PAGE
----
(1) after he activated his blue lights, Wallace hit the brakes, let off the brakes, got right to the exit ramp, then hit the brakes again and drove halfway up the exit ramp before pulling off the road, all of which was outside the normal behavior for traffic stops; (2) Wallace fumbled around for his license and the car paperwork for longer than the normal time in routine traffic stops; (3) the passenger (Hood) stared straight ahead and did not even acknowledge Cpl. Crompton's presence; (4) Wallace and Hood gave different accounts of their travel time and itinerary; (5) rather than calming down, Wallace became increasingly nervous during his discussions with Cpl. Crompton; (6) a black BMW pulled up behind Cpl. Crompton's patrol car on the side of the exit ramp, sat there for a couple of minutes and then drove away as Cpl. Crompton was walking toward Wallace's car to talk with Hood; (7) as Cpl. Crompton approached the car to talk with Hood, a cell phone on the seat next to Hood started ringing but Hood did not answer it; (8) drug dealers frequently use decoy cars and communicate via cell phones when transporting drugs; (9) Hood would not look at Cpl. Crompton when they were talking; (10) Hood was sweating even though it was a mild day, and he was visibly nervous; (11) after Cpl. Crompton spoke to Hood, Wallace changed his story about where they had been and how long they were there; (12) the car Wallace was driving belonged to a third party who was not present, which is common in drug cases; (13) I-85 is a known drug corridor; and (14) Atlanta is a known drug source/hub city.

While none of these items independently amounts to a reasonable suspicion of criminal activity, blending each of these “tiles” into the “entire mosaic” of the totality of the circumstances, we believe Crompton had reasonable suspicion to detain Wallace while he walked the drug dog around the car. Thus, the trial judge ruled correctly to deny the motion to suppress the cocaine.

IV. Other Issues

Wallace argues the trial judge should not have allowed into evidence Wallace's statement that the bag containing cocaine belonged to him. Wallace requested and the judge conducted a Jackson v. Denno10 hearing at the beginning of Sergeant Colegrove's testimony. However, Corporal Crompton had already testified without objection that Wallace made the statement identifying the bag as his. As the trial judge observed during the hearing, “I can't do anything about something that's already happened.” This issue is not preserved because the evidence had already been presented to the jury before Wallace made any objection to it. See State v. Dunbar, 356 S.C. 138, 142, 587 S.E.2d 691, 693-94 (2003).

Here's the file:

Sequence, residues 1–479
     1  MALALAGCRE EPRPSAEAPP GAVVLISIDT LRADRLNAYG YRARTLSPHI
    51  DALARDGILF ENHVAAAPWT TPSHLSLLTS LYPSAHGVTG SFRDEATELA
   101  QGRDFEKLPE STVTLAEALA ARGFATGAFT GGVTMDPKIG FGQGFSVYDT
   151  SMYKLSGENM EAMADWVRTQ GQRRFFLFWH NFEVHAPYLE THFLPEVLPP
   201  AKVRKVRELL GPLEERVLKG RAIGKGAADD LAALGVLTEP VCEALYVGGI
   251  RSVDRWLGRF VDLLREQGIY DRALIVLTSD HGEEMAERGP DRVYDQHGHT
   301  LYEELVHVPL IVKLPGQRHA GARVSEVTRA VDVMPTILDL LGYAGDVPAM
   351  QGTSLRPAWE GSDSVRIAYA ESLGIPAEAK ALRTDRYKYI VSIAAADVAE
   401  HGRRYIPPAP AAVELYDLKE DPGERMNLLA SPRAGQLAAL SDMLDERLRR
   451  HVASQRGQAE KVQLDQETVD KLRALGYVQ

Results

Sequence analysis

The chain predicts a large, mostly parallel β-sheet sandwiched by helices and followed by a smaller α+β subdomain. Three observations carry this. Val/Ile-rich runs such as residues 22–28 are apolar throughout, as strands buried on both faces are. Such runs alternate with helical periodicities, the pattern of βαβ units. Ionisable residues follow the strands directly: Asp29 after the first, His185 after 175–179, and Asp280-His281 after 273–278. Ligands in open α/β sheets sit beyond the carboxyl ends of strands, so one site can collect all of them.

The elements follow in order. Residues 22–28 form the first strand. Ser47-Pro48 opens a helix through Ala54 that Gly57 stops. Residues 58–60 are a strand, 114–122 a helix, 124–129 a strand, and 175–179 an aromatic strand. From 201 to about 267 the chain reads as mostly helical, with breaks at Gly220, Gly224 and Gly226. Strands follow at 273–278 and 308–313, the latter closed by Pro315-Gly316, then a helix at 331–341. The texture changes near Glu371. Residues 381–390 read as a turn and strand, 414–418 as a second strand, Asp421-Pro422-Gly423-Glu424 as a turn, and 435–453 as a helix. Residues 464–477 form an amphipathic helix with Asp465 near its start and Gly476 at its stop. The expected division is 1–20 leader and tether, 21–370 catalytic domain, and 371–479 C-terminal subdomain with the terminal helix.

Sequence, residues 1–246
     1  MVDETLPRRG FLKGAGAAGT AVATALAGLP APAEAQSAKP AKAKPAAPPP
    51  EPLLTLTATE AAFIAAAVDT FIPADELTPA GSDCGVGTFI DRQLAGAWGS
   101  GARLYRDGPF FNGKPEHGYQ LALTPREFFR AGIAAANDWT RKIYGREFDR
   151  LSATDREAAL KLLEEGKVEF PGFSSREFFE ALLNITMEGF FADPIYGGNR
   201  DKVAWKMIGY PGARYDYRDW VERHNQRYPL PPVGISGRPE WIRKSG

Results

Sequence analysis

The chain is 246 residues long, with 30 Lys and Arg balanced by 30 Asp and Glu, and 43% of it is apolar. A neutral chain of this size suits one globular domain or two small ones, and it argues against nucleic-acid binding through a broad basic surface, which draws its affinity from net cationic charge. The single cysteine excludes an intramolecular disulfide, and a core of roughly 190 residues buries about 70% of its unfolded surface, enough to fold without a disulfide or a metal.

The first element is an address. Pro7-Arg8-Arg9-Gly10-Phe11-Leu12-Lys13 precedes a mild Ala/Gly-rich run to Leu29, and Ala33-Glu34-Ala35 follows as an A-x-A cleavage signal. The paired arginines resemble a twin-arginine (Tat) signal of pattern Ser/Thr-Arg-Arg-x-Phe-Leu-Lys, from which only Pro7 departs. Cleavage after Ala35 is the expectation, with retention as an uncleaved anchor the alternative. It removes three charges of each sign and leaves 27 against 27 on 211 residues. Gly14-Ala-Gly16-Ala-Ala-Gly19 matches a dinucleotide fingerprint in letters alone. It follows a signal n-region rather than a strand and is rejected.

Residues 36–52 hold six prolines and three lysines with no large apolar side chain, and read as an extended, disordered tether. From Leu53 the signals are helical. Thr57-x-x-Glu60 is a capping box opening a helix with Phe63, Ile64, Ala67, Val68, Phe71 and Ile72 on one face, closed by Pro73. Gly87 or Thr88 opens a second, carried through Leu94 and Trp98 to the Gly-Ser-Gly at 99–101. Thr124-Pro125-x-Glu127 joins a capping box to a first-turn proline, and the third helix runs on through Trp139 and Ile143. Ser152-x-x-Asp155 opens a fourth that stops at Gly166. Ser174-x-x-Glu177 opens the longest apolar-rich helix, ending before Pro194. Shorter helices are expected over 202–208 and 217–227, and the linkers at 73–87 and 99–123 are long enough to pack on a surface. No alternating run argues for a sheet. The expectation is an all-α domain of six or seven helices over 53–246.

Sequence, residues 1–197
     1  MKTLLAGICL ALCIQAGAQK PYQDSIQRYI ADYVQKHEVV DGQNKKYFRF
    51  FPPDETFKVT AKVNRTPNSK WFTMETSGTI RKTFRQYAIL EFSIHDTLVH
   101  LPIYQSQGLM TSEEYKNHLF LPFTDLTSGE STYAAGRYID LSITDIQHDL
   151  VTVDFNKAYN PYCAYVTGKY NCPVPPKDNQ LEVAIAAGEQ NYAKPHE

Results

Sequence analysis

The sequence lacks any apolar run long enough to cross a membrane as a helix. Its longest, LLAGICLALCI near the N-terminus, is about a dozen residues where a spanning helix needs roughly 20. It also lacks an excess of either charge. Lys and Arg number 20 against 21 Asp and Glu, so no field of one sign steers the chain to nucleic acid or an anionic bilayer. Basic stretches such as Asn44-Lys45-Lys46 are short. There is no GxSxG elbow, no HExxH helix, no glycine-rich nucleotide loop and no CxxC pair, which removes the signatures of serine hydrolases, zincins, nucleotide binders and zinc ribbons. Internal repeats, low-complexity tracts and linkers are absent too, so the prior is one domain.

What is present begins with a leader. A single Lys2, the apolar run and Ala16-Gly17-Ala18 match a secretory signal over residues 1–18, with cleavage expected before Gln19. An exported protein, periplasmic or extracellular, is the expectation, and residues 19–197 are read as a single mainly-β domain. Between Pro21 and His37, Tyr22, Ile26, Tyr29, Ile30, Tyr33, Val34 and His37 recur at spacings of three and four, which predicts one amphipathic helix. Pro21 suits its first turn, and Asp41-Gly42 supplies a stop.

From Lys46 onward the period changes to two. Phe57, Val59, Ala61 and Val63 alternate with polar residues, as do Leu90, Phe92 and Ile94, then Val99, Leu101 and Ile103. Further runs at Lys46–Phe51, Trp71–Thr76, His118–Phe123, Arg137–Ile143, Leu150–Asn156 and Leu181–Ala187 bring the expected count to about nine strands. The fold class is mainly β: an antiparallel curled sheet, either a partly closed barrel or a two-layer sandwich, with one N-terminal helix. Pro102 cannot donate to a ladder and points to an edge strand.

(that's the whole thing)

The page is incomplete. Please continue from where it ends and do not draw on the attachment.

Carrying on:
Wallace also challenges the denial of his motion for mistrial. After deliberation began, the jury requested that a portion of the videotape of the traffic stop be replayed. The part replayed included footage not previously shown to the jury of Wallace telling Corporal Crompton he had a prior drug conviction. The trial judge determined that the error was harmless and denied the motion because Wallace had testified about the same conviction during his direct examination. “A mistrial should not be granted except in cases of manifest necessity and ought to be granted with the greatest caution for very plain and obvious reasons.” State v. Wasson, 299 S.C. 508, 510, 386 S.E.2d 255, 256 (1989). “A trial judge's ruling on a motion for mistrial will not be disturbed absent an abuse of discretion amounting to an error of law.” State v. Sparkman, 358 S.C. 491, 495, 596 S.E.2d 375, 377 (2004). The judge's ruling was within his discretion.

V. Conclusion

The trial judge was correct to rule that the arresting officer had reasonable suspicion to detain Wallace long enough to walk the drug dog around his car. Wallace's argument regarding his statement claiming ownership of the bag is not preserved for our review. The judge acted within his discretion in denying Wallace's motion for a mistrial.



1.  Wallace does not contend the second detention began until Crompton said “hang tight.” During the suppression hearing, trial counsel stated, referring to the “hang tight” directive: “At that point the traffic stop ended and this turns into another type of stop where the officer has to have some sort of a reasonable and articulable suspicion of continuing criminal activity.”

2.  Miranda v. Arizona, 384 U.S. 436 (1966).

3.  Sergeant Colegrove testified that after Wallace was arrested, he took Wallace back to the sheriff's office and made some phone calls in an attempt to corroborate what Wallace told him and to make the intended delivery. Wallace cooperated in that effort, but it was not successful.

4.  Tindall, 388 S.C. at 527, 698 S.E.2d at 208 (Kittredge, J., dissenting).

5.  Crompton testified Atlanta is a “hub city” where drugs are distributed and Interstate 85 is a known drug corridor.

6.  Crompton testified that Wallace's nervousness was visible on the video of the traffic stop, the relevant portion of which was shown to the trial judge.

7.  The alcohol violation itself is of no significance to our analysis. We include it only as context for Crompton's testimony about the “nervous chitter.”

8.  Crompton testified he couldn't tell whether Wallace said Lavonia or Lithonia, but both are reasonably near Atlanta. Regarding the discrepancy, however, Crompton testified: “If I go to Atlanta, I know I'm in Atlanta․ And if I get stopped and somebody asks me where I'm coming from, if I go to Lithonia, then I know I've been to Lithonia.”

9.  A female who was not present was listed as the owner of the car.

10.  378 U.S. 368 (1964).


SHORT and WILLIAMS, JJ., concur.